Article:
Look at pictures of Ark Royal (the one lost in 1941). It was enormously, RIDICULOUSLY tall (flight deck 66' above waterline) thanks to the double hangars, and you'd think she had enormous freeboard except for the equally enormous number of cutouts in the side for boats.Why?

I have yet to find discussion elsewhere specifically covering the inside-baseball on ships boats. Would be interesting if kind of a specialized topic.
If I had to guess, I would say it was a function, or maybe an artifact, of Britain's empire and the role of the RN in that empire. The RN's imperial role would mean the ships are going to a lot of places lacking in harbor facilities, including boats for provisioning ships when there are no docks able to handle the ships, and sometimes going places where there are no established harbors at all. It would also create greater need to put Marines ashore to teach unruly natives a lesson, and since specialized amphibious assault boats wouldn't come about until WWII, this function was largely filled by ships' boats.

By WWII, this would have been largely a case of "we've always done it that way", as far as I can tell, and was out of place for capital ships of the Home/Grand Fleet after 1900 or so (say, in the Dreadnaught era and beyond), since their role was to fight capital ships of other major powers, not subdue annoying colonial natives. For cruisers and smaller, which still had signficant roles to play in the maintenance of the empire, they probably still had a logical place.
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MiddleAgedKen
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Re: Whatcha reading redux.

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Norman Friedman is a great source on warship design. Any of his books are likely to reward your time amply.
Watergate didn't have a body count.
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blackeagle603
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Re: Whatcha reading redux.

Post by blackeagle603 »

g-man wrote: Mon Nov 02, 2020 12:11 pm Just started the Narnia series with my 6-y/o. Her little brother still gets storybook time before bed, but then she gets to listen to a chapter each night. Complete set book I have has them in 'chronological order' instead of 'publication order', so we skipped The Magician's Nephew, since that would make zero sense for a 6-y/o. The Lion, The Witch, & The Wardrobe simply must be read first.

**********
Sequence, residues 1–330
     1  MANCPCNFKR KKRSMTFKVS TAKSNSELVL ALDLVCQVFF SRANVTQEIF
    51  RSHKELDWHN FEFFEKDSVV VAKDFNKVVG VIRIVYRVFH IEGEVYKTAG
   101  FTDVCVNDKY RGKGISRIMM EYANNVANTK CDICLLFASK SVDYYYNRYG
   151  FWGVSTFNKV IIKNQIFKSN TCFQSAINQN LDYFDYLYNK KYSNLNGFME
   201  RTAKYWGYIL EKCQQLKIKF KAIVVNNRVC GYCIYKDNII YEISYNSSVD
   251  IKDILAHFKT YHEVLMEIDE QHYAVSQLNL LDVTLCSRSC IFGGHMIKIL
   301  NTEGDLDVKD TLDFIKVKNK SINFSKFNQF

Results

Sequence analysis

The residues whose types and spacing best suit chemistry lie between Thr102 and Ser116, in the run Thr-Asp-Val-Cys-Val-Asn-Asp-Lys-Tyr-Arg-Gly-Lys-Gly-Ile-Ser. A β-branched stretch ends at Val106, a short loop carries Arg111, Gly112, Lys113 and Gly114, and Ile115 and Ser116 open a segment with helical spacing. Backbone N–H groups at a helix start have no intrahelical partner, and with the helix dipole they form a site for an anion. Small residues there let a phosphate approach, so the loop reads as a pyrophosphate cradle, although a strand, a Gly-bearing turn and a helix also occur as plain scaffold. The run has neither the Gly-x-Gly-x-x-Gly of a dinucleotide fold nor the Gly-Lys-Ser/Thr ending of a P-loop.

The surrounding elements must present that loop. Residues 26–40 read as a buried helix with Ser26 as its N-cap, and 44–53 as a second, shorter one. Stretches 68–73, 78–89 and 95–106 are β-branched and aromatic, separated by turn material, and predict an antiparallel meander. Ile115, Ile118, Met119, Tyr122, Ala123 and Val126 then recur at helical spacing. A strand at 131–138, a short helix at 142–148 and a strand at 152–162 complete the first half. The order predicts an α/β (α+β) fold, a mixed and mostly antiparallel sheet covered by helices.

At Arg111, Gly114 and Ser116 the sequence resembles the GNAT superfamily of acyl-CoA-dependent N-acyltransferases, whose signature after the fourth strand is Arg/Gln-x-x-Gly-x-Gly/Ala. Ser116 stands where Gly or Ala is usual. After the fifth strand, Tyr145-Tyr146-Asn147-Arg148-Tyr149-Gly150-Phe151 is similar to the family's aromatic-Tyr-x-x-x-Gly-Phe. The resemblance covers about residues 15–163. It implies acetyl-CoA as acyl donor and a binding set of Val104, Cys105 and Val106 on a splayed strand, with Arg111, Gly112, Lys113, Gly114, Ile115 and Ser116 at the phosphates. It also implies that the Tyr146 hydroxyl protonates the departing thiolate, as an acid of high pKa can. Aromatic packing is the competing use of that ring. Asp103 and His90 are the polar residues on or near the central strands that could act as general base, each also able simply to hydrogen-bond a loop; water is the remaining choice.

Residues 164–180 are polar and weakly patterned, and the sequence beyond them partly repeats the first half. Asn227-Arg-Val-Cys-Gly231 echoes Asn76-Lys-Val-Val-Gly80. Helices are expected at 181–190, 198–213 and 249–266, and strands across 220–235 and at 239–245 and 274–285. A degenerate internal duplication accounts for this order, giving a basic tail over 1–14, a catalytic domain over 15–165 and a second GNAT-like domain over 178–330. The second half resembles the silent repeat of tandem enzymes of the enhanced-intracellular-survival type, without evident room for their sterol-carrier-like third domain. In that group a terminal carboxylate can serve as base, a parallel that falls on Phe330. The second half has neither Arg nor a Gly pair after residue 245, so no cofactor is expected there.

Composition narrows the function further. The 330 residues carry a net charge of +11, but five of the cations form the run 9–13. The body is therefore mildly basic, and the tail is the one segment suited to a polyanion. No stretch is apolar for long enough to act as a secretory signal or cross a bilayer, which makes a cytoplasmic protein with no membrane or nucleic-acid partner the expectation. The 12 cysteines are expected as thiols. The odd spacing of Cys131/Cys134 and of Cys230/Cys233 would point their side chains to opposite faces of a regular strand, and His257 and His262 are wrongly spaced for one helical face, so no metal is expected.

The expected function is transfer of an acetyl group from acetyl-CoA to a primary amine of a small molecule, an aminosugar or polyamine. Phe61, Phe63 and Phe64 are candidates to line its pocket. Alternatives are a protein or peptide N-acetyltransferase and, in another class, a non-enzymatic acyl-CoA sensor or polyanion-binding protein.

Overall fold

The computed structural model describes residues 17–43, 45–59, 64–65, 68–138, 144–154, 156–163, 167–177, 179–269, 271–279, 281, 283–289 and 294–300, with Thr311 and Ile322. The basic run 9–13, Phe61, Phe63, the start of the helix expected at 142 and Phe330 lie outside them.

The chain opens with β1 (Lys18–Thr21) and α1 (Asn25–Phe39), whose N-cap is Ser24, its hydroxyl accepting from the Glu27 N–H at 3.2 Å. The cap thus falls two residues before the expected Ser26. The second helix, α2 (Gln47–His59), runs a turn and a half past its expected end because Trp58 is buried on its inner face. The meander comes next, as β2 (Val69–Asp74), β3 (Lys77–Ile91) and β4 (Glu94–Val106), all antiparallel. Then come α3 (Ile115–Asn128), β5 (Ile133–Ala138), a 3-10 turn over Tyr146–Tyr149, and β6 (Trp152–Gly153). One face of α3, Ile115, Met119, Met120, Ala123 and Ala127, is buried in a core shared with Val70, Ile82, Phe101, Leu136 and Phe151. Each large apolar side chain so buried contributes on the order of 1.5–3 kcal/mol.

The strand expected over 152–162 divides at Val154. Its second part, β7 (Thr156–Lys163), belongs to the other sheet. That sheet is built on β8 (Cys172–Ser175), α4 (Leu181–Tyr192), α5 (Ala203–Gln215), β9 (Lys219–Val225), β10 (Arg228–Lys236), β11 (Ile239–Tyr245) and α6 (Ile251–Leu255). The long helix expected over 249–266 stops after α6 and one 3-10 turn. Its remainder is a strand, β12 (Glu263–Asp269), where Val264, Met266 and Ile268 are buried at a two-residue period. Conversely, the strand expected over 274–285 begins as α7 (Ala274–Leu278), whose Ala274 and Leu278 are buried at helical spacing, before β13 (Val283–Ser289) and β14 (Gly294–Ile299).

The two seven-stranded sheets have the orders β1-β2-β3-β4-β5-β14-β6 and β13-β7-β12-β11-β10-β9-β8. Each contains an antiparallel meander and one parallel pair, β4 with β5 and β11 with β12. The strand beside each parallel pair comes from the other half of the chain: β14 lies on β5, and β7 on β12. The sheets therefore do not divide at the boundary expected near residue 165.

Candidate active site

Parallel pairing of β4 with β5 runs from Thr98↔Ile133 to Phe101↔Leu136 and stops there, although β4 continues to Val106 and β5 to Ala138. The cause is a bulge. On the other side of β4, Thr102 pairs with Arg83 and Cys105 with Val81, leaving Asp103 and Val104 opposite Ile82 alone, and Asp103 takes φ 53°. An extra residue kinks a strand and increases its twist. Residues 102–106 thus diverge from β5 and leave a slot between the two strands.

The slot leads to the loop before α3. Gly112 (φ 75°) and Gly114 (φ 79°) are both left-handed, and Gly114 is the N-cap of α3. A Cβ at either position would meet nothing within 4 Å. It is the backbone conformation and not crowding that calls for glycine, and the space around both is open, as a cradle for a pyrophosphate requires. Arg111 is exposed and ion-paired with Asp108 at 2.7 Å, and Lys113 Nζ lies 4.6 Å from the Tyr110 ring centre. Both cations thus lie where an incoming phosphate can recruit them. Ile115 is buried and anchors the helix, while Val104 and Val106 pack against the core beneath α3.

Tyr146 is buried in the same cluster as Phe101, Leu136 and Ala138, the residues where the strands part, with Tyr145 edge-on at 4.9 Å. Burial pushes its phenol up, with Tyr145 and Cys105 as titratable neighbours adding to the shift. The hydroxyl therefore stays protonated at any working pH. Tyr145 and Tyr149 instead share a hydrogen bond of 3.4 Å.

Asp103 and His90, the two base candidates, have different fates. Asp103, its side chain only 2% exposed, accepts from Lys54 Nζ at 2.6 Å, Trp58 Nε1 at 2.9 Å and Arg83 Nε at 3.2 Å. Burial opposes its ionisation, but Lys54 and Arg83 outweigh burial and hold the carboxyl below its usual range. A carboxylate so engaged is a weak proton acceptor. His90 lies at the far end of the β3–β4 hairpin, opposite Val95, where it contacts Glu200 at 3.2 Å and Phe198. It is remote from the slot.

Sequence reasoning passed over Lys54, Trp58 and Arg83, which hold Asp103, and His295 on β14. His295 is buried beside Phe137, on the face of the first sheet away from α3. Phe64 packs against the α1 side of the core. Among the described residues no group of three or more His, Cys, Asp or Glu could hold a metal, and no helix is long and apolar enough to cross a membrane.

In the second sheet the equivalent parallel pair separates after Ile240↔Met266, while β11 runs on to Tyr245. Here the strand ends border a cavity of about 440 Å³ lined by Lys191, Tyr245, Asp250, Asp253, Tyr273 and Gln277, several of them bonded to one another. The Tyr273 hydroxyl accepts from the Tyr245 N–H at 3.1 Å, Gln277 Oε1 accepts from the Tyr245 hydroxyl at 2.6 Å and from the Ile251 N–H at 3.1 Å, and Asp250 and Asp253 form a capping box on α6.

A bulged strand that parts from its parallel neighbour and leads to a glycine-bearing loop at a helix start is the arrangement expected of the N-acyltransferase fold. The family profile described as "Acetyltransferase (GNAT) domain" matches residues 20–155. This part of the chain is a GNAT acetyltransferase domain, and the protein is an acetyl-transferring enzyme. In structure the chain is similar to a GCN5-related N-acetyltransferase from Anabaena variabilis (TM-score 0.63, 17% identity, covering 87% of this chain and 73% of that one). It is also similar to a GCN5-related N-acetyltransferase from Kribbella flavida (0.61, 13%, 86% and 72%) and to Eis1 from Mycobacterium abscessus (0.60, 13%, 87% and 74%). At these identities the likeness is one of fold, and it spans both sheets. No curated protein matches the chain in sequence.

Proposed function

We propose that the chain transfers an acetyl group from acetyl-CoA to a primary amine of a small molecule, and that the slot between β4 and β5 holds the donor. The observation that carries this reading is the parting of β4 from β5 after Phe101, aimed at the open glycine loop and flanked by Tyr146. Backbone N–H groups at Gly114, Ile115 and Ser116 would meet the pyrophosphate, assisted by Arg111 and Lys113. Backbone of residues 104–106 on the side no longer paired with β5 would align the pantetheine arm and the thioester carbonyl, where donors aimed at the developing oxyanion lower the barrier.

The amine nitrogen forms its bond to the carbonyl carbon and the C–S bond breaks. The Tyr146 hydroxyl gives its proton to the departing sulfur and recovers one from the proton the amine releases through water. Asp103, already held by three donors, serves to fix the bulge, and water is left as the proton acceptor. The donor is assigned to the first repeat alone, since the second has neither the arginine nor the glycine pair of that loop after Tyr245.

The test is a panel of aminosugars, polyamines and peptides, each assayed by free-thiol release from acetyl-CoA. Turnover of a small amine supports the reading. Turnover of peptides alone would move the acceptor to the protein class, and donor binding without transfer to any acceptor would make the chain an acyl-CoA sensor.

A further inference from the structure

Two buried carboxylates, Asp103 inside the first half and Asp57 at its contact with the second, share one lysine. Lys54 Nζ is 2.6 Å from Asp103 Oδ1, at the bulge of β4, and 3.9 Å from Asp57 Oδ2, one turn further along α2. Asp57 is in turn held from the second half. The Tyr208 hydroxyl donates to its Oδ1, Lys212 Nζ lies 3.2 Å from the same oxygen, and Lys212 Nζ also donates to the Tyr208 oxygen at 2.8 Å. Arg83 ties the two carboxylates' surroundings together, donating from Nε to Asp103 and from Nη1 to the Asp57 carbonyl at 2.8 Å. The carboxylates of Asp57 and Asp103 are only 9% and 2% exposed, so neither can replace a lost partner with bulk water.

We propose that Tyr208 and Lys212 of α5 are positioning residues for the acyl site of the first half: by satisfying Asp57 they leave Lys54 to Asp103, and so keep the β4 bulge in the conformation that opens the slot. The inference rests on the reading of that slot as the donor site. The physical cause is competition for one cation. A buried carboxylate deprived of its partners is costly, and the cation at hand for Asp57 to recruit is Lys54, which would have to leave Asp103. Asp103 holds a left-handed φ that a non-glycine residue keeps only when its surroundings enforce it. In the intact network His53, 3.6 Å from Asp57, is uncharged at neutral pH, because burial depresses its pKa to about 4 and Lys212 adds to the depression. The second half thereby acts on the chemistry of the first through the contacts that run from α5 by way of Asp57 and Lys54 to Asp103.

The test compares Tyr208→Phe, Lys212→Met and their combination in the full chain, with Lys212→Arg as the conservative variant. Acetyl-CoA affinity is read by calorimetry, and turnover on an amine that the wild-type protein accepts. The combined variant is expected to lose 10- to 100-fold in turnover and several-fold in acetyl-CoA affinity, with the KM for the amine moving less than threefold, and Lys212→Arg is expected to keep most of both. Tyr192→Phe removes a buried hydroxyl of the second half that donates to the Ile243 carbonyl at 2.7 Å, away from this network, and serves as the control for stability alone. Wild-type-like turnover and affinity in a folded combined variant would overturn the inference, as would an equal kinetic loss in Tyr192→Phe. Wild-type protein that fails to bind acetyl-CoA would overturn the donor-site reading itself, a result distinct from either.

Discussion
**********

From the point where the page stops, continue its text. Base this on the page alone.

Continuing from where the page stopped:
Going to have to step up my 'reading with voices' game, since there are a LOT more characters than the average bedtime storybook with lots of pictures. I had also forgotten how good a storyteller Lewis is.
Excellent. Read through those several times at bedtime over the years. Along with all the Laura Ingalls Wilder books and I'm sure I forget some others... The girls hung in till for years for the Little House stuff
By the time he was 10 the S&H wanted to be left alone to plow Tolkien or listen to old radio drama broadcast replays on AM radio.
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HTRN
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Re: Whatcha reading redux.

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blackeagle603 wrote: Mon Nov 09, 2020 4:40 pm Along with all the Laura Ingalls Wilder books and I'm sure I forget some others...
Fun fact, her cousin operated a farm in Greenville NY, until the early 50s, when they turned their sideline business(rural resort) into their main.. The resort operated until the early 90s, when it was sold to an orthodox jewish group. It's currently a day camp for jewish girls. Warren Ingalls son, Gerry was a friend of my father, and lived right next door to Ingalside, and his Daughter Paige is currently living in the bronx, and works as NYC school teacher. :ugeek:

http://www.dteator.com/zResort/Ingalside.htm
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MiddleAgedKen
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Re: Whatcha reading redux.

Post by MiddleAgedKen »

For light reading, nearly finished Oh John Ringo No's A Hymn Before Battle, and will start Gust Front soon.
Watergate didn't have a body count.
Langenator
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Re: Whatcha reading redux.

Post by Langenator »

Currently reading Ian W. Toll's Pacific Trilogy.

You know you're a military nerd when you read the following sentence: "The attack was broken up by heavy machine-gun, artillery, and mortar fire." and find yourself wondering if it was the fire of heavy machine-guns, artillery, and mortars, or heavy fire from machine-guns, artillery, and mortars? (1)

(1) Toll, Ian W. The Conquering Tide: War in the Pacific Islands, 1942-1944 (New York: W.W. Norton & Company, 2015), 512.